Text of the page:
Reader Myddrin ties in the meaning of a story apparently
completely unrelated to Linux for us in something we welcome:
reader-contributed insights into news items. If you'd like to do
something similar, feel free. Just keep it short in case we can't
(or won't) use it. In this case, to add to Myddrin's take, the
spread of ActiveX may be offset by Konqueror's recent abilities in
that area, but it's clear from watching talkbacks that not
everybody's happy with that.
Ok, what does this have to do with Linux, you ask?
Answer this bit:
The QuickTime compatibility problem comes as Microsoft
is revamping its support of third-party Web applications from
within the browser. At stake is the role of computer code known as
"plug-ins," technology pioneered by Netscape Communications to
extend the function of Web browsers by welding them closely to
With IE 5.5, Microsoft discontinued support for plug-ins,
according to a Microsoft representative. Instead, the browser
relies on technology developed by Microsoft known as ActiveX that
links desktop applications to the Web.
ActiveX has been seen as a challenger to Sun Microsystems' Java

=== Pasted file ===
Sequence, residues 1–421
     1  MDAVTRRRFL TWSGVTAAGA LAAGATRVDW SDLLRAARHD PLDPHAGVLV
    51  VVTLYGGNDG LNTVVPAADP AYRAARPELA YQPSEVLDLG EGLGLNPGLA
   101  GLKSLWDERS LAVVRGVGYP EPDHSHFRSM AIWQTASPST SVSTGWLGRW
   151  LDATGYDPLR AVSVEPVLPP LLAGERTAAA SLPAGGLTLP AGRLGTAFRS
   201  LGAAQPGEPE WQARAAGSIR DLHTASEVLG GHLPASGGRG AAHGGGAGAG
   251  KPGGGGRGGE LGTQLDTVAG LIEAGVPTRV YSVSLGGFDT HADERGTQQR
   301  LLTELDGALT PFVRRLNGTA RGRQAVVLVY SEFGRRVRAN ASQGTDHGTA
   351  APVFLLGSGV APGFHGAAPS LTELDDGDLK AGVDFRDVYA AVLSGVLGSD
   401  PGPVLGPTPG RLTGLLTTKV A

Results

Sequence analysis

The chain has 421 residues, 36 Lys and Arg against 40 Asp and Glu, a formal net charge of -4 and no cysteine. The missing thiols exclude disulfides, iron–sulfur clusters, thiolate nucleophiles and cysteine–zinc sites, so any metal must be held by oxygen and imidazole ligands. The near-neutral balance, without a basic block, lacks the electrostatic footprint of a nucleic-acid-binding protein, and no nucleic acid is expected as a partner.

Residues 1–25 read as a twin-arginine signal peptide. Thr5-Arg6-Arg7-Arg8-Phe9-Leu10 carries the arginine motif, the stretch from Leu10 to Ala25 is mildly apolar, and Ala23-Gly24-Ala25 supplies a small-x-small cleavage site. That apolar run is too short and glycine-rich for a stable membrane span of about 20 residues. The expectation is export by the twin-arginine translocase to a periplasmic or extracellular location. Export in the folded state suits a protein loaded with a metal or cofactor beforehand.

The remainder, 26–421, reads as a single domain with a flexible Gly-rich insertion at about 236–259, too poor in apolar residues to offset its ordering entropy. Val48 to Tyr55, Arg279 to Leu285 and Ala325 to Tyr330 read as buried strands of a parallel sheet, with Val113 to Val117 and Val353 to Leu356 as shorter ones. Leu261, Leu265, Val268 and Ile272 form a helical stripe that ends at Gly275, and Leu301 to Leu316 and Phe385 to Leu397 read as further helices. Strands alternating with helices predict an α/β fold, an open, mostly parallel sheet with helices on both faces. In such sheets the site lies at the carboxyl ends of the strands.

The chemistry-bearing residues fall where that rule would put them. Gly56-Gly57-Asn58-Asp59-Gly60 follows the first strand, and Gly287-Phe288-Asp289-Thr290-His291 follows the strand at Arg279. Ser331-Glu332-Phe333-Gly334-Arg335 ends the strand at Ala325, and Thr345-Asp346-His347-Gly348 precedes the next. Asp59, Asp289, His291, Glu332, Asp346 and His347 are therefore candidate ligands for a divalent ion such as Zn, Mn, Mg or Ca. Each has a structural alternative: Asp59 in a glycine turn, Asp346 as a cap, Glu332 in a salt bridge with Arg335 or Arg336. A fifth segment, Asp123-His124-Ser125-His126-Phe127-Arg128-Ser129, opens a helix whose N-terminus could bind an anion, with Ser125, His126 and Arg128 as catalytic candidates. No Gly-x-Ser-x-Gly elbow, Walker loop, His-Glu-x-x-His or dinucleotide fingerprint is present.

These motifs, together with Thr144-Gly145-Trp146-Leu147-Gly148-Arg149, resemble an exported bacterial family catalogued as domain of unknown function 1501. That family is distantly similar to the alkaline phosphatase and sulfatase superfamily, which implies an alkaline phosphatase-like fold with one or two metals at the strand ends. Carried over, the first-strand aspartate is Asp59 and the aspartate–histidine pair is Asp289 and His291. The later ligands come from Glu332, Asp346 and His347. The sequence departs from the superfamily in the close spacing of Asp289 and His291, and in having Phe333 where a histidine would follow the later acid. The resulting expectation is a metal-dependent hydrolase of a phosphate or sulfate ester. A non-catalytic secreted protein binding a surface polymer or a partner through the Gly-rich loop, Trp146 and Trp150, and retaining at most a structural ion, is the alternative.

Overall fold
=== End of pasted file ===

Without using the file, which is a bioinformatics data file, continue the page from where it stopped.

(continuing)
programming language, which Microsoft has said will no longer be
supported by default in its pending Windows XP operating system and
It looks like MS is trying to do an end-run around all competing
web plug-in technologies, and forcing ActiveX on Windows users.
Given that non-IE web browsers are an increasingly small part of
the pie, this could bode-ill for all of us using Linux.
It seems to me that some small-time operators will be dropping
their netscape plug-ins and moving to ActiveX, and it seems like it
would make it less likely for Linux ports in that case.
And of course raises the question of "why?"
Why drop a defacto standard and replace it with something
proprietary that has caused no end of trouble for MS users?